Japanese corporate giant Toshiba Corp. is suing five former corporate executives involved in a massive accounting scandal rocking the multi-national high tech company, Bloomberg reports. Toshiba is working to recover from overly creative accounting that resulted in profit write downs of more than $1.2 billion over nearly seven years.

Defendants are three former presidents and two former chief financial officers. The company is seeking the equivalent of $2.4 million in damages. Three defendants resigned in July to take responsibility for the scandal.

Fortune reports the company had overstated profits by about $2 billion. It states the cause was Toshiba management set profit targets so aggressively the only way subordinates could meet them was through inflating actual results. An independent investigation concluded that the five men failed stop the accounting irregularities Continue reading

photo - with friends like thisWhen you’re hiring someone for your business, especially for a position where the person can access funds, you need to find not only someone who’s competent but trustworthy as well. If you know someone for a while, maybe you’ve become good friends, you may feel a connection that makes hiring the person feel like the right choice to make. As a recent Orange County Register article shows, the hiring of a friend was a $6.8 million dollar mistake for a local business.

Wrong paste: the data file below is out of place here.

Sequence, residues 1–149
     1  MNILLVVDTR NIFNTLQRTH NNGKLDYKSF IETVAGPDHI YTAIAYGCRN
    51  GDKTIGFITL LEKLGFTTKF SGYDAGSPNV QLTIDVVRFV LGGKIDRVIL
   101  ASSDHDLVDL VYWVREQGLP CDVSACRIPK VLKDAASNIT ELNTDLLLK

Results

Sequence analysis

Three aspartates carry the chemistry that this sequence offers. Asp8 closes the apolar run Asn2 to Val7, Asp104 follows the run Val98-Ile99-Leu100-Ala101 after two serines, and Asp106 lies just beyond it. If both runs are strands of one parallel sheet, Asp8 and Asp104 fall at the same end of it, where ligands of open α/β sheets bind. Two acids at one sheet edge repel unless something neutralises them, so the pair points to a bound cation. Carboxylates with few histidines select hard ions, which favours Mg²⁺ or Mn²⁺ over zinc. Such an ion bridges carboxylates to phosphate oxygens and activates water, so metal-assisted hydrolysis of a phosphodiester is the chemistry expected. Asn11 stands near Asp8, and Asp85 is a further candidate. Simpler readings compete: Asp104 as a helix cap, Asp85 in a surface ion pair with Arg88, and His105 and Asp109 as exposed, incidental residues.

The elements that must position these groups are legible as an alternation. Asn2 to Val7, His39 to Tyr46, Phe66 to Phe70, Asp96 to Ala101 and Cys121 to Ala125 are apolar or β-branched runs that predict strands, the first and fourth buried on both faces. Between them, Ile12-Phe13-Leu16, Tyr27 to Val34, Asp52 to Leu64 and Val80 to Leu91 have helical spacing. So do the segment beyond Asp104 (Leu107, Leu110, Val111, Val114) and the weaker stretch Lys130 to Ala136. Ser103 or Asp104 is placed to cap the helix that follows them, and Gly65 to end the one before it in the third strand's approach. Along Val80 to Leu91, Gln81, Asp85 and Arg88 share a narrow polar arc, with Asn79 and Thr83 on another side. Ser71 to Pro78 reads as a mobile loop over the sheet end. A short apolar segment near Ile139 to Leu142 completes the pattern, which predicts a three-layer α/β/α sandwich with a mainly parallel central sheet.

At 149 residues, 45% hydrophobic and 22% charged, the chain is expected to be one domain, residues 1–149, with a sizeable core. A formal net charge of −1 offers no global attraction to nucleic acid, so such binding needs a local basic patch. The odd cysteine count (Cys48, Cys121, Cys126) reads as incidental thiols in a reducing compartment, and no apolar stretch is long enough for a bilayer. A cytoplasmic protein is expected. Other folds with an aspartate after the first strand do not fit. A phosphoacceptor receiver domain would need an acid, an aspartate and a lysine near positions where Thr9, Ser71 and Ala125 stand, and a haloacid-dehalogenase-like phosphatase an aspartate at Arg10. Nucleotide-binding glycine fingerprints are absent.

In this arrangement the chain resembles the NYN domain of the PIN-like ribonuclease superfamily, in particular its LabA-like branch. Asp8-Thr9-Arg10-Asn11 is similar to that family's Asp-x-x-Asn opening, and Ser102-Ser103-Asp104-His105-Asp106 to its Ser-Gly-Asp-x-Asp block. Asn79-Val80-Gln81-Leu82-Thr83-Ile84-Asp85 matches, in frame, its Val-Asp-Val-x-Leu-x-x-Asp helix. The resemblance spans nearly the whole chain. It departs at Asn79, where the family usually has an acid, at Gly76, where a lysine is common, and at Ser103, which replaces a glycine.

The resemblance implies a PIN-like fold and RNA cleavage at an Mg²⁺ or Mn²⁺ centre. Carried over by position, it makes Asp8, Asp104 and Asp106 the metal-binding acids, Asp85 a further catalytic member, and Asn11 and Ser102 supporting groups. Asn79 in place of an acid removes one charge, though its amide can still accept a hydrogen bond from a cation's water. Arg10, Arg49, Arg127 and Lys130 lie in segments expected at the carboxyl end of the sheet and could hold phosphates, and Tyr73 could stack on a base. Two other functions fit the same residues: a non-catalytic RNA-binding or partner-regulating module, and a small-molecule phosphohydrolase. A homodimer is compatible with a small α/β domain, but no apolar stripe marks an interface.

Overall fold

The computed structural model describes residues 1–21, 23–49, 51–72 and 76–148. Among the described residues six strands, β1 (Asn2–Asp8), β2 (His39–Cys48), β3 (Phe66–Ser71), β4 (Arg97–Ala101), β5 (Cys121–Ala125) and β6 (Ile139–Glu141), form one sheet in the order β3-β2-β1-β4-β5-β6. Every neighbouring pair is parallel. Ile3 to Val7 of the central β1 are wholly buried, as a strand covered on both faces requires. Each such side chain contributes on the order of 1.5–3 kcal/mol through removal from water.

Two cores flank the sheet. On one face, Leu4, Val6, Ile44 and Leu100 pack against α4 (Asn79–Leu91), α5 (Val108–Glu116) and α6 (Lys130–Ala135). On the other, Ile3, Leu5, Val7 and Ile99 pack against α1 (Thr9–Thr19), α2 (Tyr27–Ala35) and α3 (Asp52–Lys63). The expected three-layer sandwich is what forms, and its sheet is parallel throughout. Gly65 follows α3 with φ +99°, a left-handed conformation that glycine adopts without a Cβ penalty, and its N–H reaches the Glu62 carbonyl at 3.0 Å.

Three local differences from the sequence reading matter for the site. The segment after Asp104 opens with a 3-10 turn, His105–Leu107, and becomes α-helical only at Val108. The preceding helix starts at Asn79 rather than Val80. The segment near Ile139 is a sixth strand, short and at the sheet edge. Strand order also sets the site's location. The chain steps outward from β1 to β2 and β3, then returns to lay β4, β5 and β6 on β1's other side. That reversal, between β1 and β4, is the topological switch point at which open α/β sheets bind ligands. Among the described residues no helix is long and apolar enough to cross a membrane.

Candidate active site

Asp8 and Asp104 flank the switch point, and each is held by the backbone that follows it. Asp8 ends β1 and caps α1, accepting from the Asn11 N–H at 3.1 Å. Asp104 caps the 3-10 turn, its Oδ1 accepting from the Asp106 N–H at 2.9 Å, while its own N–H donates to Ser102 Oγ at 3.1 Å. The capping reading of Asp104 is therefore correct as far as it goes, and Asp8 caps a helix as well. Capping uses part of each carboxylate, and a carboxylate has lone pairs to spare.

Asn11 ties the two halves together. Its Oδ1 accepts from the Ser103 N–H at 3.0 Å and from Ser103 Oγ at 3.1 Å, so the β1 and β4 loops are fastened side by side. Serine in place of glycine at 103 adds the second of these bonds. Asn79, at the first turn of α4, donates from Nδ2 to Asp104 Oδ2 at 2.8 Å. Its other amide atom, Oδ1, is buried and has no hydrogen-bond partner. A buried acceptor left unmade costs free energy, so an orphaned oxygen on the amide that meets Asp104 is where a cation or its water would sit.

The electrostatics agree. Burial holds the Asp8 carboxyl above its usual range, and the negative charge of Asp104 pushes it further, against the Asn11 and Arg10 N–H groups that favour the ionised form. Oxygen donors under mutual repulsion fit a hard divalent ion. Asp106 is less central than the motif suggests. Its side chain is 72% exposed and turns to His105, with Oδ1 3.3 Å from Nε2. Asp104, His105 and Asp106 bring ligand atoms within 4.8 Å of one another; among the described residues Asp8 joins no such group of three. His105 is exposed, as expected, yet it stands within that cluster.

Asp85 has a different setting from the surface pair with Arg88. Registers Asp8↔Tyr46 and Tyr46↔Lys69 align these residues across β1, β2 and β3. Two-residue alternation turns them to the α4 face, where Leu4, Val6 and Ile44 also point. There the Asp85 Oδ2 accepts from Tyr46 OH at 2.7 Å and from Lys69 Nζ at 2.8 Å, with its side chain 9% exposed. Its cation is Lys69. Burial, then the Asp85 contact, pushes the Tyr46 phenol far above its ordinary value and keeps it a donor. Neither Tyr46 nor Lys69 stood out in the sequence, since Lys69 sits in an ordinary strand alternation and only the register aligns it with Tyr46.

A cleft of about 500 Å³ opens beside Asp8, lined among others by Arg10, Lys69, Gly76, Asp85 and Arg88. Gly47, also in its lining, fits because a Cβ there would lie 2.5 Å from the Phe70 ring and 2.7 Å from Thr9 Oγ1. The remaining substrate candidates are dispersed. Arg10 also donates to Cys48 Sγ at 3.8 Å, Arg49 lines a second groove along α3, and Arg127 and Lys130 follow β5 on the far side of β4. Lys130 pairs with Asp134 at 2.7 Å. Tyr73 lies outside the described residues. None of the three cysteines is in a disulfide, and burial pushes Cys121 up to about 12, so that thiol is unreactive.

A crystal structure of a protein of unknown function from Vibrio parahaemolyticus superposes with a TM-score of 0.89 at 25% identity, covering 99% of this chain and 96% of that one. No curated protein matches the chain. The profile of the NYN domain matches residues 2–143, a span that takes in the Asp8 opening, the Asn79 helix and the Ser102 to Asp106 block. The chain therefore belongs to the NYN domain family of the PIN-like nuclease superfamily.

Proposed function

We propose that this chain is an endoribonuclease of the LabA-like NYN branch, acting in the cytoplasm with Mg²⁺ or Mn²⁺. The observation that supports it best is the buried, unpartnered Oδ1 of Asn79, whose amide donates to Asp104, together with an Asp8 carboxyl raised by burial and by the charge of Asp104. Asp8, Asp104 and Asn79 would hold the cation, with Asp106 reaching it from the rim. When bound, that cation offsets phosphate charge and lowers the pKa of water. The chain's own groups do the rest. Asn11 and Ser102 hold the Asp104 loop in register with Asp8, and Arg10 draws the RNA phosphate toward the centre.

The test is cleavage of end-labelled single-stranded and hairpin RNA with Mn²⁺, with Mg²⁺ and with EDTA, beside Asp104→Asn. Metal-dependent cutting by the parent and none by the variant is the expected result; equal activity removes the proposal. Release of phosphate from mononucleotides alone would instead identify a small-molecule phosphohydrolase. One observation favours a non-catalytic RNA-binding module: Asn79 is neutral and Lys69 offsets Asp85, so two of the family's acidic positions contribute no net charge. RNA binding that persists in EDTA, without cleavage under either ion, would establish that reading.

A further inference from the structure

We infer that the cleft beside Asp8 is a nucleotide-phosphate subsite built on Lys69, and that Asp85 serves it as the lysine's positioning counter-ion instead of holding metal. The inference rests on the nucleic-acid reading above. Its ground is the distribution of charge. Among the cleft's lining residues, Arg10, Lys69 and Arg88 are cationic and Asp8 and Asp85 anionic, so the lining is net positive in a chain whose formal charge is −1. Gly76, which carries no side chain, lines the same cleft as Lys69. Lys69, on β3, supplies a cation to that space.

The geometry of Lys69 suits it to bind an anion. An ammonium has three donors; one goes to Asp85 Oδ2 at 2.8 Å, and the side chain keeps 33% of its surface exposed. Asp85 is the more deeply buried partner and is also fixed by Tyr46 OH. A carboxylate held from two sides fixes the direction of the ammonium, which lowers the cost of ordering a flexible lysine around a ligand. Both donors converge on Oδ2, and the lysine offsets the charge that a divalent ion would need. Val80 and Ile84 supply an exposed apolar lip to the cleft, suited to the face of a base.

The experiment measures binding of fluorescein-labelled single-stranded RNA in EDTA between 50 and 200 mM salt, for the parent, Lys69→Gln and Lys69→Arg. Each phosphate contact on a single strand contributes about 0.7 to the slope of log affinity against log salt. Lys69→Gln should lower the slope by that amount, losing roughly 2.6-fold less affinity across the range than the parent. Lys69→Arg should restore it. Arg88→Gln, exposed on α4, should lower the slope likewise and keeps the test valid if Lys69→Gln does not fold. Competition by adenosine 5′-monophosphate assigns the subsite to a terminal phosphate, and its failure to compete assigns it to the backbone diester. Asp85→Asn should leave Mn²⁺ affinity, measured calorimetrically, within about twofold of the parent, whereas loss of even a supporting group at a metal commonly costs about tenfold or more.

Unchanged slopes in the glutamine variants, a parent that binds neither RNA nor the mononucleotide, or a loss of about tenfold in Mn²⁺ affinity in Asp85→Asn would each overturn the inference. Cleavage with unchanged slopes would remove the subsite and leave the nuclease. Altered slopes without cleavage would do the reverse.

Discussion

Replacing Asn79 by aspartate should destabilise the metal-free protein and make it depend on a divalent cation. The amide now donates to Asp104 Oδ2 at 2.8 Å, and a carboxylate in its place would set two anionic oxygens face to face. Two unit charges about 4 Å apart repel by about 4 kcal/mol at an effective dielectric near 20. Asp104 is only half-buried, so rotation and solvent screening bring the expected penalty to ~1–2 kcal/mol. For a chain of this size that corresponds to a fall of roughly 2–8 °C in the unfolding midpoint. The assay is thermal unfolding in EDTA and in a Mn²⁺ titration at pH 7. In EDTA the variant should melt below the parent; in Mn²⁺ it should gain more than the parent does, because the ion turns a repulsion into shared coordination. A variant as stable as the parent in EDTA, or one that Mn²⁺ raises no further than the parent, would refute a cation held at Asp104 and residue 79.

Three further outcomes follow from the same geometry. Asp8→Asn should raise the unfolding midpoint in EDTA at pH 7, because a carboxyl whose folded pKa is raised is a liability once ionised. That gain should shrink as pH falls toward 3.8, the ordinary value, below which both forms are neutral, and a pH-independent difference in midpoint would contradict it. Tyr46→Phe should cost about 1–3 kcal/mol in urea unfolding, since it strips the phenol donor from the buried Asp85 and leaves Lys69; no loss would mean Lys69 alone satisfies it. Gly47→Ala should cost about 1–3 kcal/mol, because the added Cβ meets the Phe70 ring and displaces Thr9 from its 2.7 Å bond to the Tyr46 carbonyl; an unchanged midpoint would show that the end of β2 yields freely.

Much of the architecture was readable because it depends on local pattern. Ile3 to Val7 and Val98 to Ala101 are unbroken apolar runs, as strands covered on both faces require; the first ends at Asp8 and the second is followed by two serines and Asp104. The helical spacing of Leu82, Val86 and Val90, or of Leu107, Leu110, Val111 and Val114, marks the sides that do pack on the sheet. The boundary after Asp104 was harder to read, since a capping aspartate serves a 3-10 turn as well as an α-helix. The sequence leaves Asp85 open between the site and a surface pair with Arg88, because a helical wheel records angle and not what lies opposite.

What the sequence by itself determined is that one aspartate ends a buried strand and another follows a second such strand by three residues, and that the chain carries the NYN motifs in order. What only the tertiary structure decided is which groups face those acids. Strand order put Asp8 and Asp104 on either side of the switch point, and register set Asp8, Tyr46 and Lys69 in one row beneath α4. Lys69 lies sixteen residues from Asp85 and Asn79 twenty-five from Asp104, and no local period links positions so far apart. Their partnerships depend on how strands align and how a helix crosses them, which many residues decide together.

Russell Eugene Dunbar, formerly employed by a Santa Ana piano store, Fields Piano, was sentenced in July to 18 years in state prison for embezzling up to $6.8 million over three-year period with the company. Dunbar was found guilty last year of felony counts of forgery, falsifying records and grand theft. According to the Orange County District Attorney’s Office the charges included enhancements for aggravated white-collar crime over $500,000 and property damage over $2.5 million.

Fields Pianos hired Dunbar, a close friend of the owners, to be responsible for the company’s accounting in 2001. According to the district attorney, two years later Dunbar took steps to help himself to company funds.

  • He opened a personal bank account with a name similar to his employer’s business, Fields Piano Company, and deposited large checks from the store into this account.
  • To help hide his actions, Dunbar wrote smaller, personal checks and deposited them into his employer’s account and used deposit receipts to create false receipts.
  • Dunbar told his employer the large deposits were deposited in the company account, though there were no such deposits.
  • The store owners were unaware of the losses and paid taxes on income they never received.

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photo - DOJThe Department of Justice (DOJ) will be putting more emphasis on individuals when enforcing civil and criminal laws on businesses. This could result in individuals being charged with federal crimes if evidence supporting such a charge is developed during the investigation or litigation of a civil matter involving the federal government. This approach was unveiled when a memo by Deputy Attorney General Sally Quillian Yates was published in September.

Yates writes, “One of the most effective ways to combat corporate misconduct is by seeking accountability from the individuals who perpetrated the wrongdoing.” The memo makes clear that individual employees should not feel sheltered from individual legal liability (civil or criminal) if they work for a corporation that’s being investigated, sued or prosecuted for federal law violations.